Super Audio CD
China Video Disc
Video Single Disc
(pronounced as DVDR or DVD 'minus' R) is
a DVD recordable format. A DVD-R has more storage capacity than a CD-R,
typically 4.7 GB (or 4.38 GiB) instead of 700 MB, although the capacity of
the original standard developed by Pioneer was 3.95 GB (3.68 GiB). Pioneer
has also developed an 8.54 GB dual layer version, which appeared on the
market in 2005. A DVD-R can be written to only once, whereas a DVD-RW
(DVD-rewritable) can be rewritten multiple
The DVD-R format was developed by Pioneer in autumn
of 1997. It is supported by most DVD players, and is approved by the DVD Forum.
A competing format is
DVD+R (also DVD+RW for the rewritables), causing some people to
refer to DVD-R as DVD 'minus' R unofficially. Hybrid drives that handle both
formats are often labeled DVD±R and Super Multi (which
includes DVD-RAM support) and are very popular.
The larger storage
capacity of a DVD-R compared to a CD-R is achieved through smaller pit
size and smaller track pitch of the groove spiral which guides the laser
beam. Consequently, more pits can be written
on the same physical sized disc. In order to write smaller pits
onto the recording dye layer (see CD-R) a red laser beam
with a wavelength of 650 nm (for general use recordable
DVD) is used in conjunction with a higher numerical aperture lens. Because of
this shorter wavelength, DVD-R and DVD+R use different dyes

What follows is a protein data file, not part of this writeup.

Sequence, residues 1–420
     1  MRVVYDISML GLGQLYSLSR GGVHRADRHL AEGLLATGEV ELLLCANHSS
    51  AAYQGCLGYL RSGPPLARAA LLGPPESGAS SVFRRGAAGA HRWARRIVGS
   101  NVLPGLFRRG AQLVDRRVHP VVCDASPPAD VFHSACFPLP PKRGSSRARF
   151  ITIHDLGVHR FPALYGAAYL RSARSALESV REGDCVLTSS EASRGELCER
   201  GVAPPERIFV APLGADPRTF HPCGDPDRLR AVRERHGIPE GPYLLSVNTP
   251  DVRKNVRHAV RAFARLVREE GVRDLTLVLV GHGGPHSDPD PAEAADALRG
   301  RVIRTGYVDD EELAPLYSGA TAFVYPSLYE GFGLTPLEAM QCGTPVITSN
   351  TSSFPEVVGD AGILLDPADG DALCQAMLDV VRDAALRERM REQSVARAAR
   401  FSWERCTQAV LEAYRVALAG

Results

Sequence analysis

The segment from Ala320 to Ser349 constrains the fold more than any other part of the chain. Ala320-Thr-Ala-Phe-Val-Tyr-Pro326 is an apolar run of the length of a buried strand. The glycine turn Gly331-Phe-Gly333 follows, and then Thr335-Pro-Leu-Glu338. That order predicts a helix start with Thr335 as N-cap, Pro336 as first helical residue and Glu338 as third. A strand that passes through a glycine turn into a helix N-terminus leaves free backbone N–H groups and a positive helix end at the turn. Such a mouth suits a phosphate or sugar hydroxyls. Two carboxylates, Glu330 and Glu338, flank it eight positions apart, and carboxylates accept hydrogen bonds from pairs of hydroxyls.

from CD-R to properly absorb this wavelength.
DVD-R discs are composed
of two 0.6 mm polycarbonate discs, bonded with an adhesive to each other.
One contains the laser guiding groove and is coated with the recording dye
and a silver alloy or gold reflector. The other one (for single-sided
discs) is an ungrooved 'dummy' disc to assure mechanical stability of the
sandwich structure, and compatibility with the compact disc standard
geometry which requires a total disc thickness of about 1.2 mm.
Double-sided discs have two
grooved, recordable disc sides, and require the user to flip the disc
to access the other side. Compared to a CD's 1.2 mm
of polycarbonate, a DVD's laser beam only has to penetrate
0.6 mm of plastic in order to reach the dye recording layer, which
allows the lens to focus the beam to a
smaller spot size to write smaller pits.
In a DVD-R, the addressing (the determination of location
of the laser beam on the disc) is done with
additional pits and lands (called land pre-pits) in the areas between the grooves.
The groove on a DVD-R disc has a constant
wobble frequency used for motor control etc.
Wikipedia information about
DVD-R. This article is licensed under the GNU Free Documentation License . It uses material
from the Wikipedia article 'DVD-R'
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